The COVID-19 pandemic has resulted in more people working from home than ever before, so it’s not a surprise that there has been a sharp spike in cyberattacks. Most remote work is dependent on an enhanced technology infrastructure, and businesses had little time to prepare. Some estimates indicate that three-quarters of employees use unmanaged, unsecured personal devices to access their employers’ systems. Consider the following:
- CrowdStrike, the cybersecurity company, reported twice as many intrusions in Q1 2020 than in all of 2019
- Google’s Threat Analysis Group reported in mid-April that it blocked approximately 18 million COVID-19-themed malware and phishing emails in one week
Cybercriminals know they have an increased opportunity to attack remote workers. The risks are high—if successful, hackers can gain access to an organization’s confidential documents and servers.
Employees unaccustomed to working from home must understand best practices to ensure the computers and software they are using are secure. Remote workers need training, security guidance and protocols.
According to a recent Gartner poll, 48% of employees will most likely work remotely either full-time or partially after the pandemic is over as opposed to 30% before. This will call for an airtight security plan that includes both company and personal devices.
With that in mind, here are tips you can share with your workforce to help mitigate cyberattacks:
We all know that we need strong passwords that contain numbers, symbols and letters. All too often, however, employees use the same passwords for multiple logins. By doing so, they are inviting cybercriminals to access sensitive company information. Be sure employees understand strong password policies and are mandated to change them every 30-90 days.
The following includes some general guidelines for employees working remotely:
- Ensure routers are running the latest firmware version
- Set up the router securely with a strong password
- Disable remote management from the internet-facing interface
- Monitor for unknown device connections
- Change the default name of the Wi-Fi network
- Encrypt everything
- Electronic work files should remain on company-approved devices and not placed on personal devices
- Always use a virtual private network (VPN) to access the network remotely. Use the VPN even when browsing web resources or using telecommunication tools.
- Set up two-factor or dual-factor authentication. Two-factor authentication provides a higher level of security and relies on a user to provide a password, as well as a second factor, usually either a security token or a biometric factor, such as a fingerprint or facial scan.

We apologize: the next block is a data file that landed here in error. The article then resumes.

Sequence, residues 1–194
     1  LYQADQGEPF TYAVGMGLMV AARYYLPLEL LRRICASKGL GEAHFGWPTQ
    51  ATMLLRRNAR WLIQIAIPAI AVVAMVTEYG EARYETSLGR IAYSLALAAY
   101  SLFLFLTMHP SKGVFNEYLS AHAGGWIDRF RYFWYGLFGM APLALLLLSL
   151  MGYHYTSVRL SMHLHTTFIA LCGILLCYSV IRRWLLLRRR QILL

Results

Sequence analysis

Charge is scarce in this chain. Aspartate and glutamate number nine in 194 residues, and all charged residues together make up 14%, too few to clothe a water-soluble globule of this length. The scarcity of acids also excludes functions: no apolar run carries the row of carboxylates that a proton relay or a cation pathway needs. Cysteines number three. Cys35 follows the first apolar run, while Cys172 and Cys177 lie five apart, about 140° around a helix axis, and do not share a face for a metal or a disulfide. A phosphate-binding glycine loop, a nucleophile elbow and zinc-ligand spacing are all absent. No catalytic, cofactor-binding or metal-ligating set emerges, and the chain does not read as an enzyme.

Phishing on the Rise
Hackers are taking advantage of the terms “COVID-19” and “pandemic” to gain access to login credentials, personal details and more. They are using website popups, emails, instant messages and more to trick users into entering personal information by preying on fears. Many phishing attempts are blocked at the browser level; however, it is best to simply avoid these links. It’s far better to get COVID-19 information by searching official sites.
Most of us are familiar with ransomware, phishing and vishing. Now that so many workers are conducting virtual meetings, hackers and internet trolls are disrupting these meetings by gaining access to virtual calls. Tips for avoiding these zoombombing attempts include:
- Use a random meeting ID with password
- Create a “waiting room” for call
- Lock the meeting once all attendees have joined
- Set screen sharing to “host only”
- Update Zoom software frequently
Keep Applications Updated
Everyone should be using patch management software. If not, it is critical to keep track of all application updates and quickly install them to prevent cyberattacks.
Above all, remember that hackers will always take advantage of a crisis. With the advent of COVID-19, they have taken over hospital systems, private networks and videoconferencing. Business continuity, which we address in the next chapter, depends on all employees acting with an abundance of caution.
Our new e-book, “How Employers Can Plan for COVID-19 Reemergence and Business Continuity,” focuses on four critical issues that business owners must navigate to be successful during this critical time.
You may download our new e-book by completing a brief form.
For more information about cybersecurity and fraud prevention during the COVID-19 pandemic, please contact Jason Cope at 214-635-2508.
If your business needs assistance during this challenging time, the Business Advisory Group at Goldin Peiser & Peiser can help you determine the best course to take. Contact us at CARETeam@GPPcpa.com.
Note: This content is accurate as of the date published above and is subject to change. Please seek professional advice before acting on any matter contained in this article.